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John and Judy Miller, and Gary and Fran Starbuck bought Powder Puff Mountain from Lester Lewis in 1970. A tiny beginner’s ski area, Powder Puff had 700-vertical feet, three rope tows and few runs and no trails to speak of — other than “Expert” which was so short you could go straight down without having to break into a turn before hitting flat terrain. Lift tickets were $6 for adults, $4.50 for kids. Lessons were $5. They used the 100-centimeter skis and Cliff Taylor’s Graduated Length Method (GLM).

When the Millers and Starbucks bought Powder Puff, it had snowmaking (compressed-air and water). In fact, it was one of the first western ski areas to take that step. One year Powder Puff opened October 29 tying for first in the nation with Loveland in Colorado.

A brochure sported a picture of a snow gun blowing snow and the caption, “We make snow!” They knew it was a successful approach the day it snowed and a customer came in to complain.

In 1979, Powder Puff was sold to Red River Ski Area. It closed a few years later. Its rope tows and chairlifts are gone, its snowmaking compressor sold for scrap, its buildings dismantled, its slopes dotted with houses.

Enchanted Forest Cross Country Ski Area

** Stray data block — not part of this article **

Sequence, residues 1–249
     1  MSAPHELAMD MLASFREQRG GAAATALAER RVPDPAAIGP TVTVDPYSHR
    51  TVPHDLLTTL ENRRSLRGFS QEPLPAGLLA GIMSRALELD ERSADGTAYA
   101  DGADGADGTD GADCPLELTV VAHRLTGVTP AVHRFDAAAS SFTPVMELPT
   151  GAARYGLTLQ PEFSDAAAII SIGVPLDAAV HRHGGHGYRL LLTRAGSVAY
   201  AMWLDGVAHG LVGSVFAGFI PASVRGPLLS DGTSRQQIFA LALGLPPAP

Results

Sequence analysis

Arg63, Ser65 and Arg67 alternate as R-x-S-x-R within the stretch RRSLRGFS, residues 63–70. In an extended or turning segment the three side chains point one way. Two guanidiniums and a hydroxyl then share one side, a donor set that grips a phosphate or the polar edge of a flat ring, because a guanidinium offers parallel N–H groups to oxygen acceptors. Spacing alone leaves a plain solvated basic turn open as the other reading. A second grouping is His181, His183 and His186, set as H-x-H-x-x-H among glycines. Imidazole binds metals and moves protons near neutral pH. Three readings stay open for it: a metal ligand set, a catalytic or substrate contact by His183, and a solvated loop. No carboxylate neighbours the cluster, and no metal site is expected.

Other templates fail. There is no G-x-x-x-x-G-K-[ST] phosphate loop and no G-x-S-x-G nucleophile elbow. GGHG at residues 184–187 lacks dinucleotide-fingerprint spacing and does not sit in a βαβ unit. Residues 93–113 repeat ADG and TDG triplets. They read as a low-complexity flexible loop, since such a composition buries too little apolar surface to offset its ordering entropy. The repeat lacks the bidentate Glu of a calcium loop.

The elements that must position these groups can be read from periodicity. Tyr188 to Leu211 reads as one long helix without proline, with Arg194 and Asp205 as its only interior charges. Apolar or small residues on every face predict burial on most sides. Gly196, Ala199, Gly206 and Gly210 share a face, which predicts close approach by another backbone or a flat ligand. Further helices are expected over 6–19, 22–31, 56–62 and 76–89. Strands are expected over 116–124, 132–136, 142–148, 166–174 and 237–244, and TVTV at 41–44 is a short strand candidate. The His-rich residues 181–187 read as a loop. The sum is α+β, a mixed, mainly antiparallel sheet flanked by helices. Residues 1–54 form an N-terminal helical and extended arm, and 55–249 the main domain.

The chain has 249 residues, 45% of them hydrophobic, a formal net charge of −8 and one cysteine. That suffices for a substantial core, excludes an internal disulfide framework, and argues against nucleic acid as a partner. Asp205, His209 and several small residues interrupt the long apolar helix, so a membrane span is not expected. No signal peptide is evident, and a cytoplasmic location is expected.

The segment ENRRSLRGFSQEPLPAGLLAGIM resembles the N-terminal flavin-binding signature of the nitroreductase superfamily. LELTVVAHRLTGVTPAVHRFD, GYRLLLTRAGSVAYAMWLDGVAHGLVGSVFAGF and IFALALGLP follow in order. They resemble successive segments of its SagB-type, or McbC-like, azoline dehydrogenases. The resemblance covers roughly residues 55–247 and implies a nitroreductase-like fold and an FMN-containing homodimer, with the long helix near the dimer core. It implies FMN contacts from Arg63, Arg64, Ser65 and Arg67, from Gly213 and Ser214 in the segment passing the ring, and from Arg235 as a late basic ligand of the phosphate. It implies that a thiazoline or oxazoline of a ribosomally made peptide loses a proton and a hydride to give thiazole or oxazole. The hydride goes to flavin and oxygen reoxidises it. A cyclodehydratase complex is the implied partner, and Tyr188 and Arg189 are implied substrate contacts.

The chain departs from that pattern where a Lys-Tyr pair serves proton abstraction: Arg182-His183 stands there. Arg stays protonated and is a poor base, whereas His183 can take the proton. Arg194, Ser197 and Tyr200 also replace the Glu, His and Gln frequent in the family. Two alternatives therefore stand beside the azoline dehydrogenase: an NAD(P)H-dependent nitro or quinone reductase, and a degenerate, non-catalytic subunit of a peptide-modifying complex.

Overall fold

John Miller Nordic skis at Powder Puff.

During the Powder Puff years, John bought a fleet of used wooden cross country skis from another rental shop in town and began teaching cross country skiing in Red River’s backcountry, so when the area sold in 1979, it seemed natural to make that a full-time business.

He recalled the year “I’d spend hours foot packing tracks and a snowmobile would wipe them out so one evening I set a beautiful set of tracks across a beaver pond.… As we used to say in the Navy, ‘Sighted sub, sunk same.’”

During his days as a backcountry guide, John spent a week at Scandinavian Lodge in Steamboat Springs, Colo., learning from the great Sven Wiik, a longtime racer and coach of the U.S. Ski Team.

In spring 1985, a Cross Country Ski Areas Association convention at Royal Gorge in Truckee, Calif., inspired John to build a groomed ski area on a plateau atop Bobcat Pass. “With back country trips, people would finish the tour and say, ‘Well that was fun but it’s too much work.’ We weren’t getting people to fall in love with the sport — and it’s a great sport!”

John Miller (front) and gang sport those ’80s fashions.

Enchanted Forest opened with about 10-kilometers of trails in winter 1985-86. In the beginning, John groomed the trails and taught lessons but the area has grown enough that his role is now “official grooming inspector”.

Judy also taught lessons and took women out for “Ladies Ski Tours” and, later, “Ladies Snowshoe Tours”.

Today, Enchanted Forest is considered New Mexico’s premier destination for Nordic skiing with customers from all over the world. The area, now owned and operated by Ellen Miller-Goins and Geoff Goins (of Raton, New Mexico), has hosted the University of New Mexico (since de-funded by the university) Nordic Teams’ NCAA Regional Race several times , along with a number of events like “Just Desserts” Eat & Ski and the Christmas night Luminaria Tour.

Today, the area features 33 kilometers of ski trails, 15 kilometers of snowshoe trails and 5k of “dog friendly” trails.

Judy Miller enjoys the a ski in 2008

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— by Ellen Miller-Goins

 

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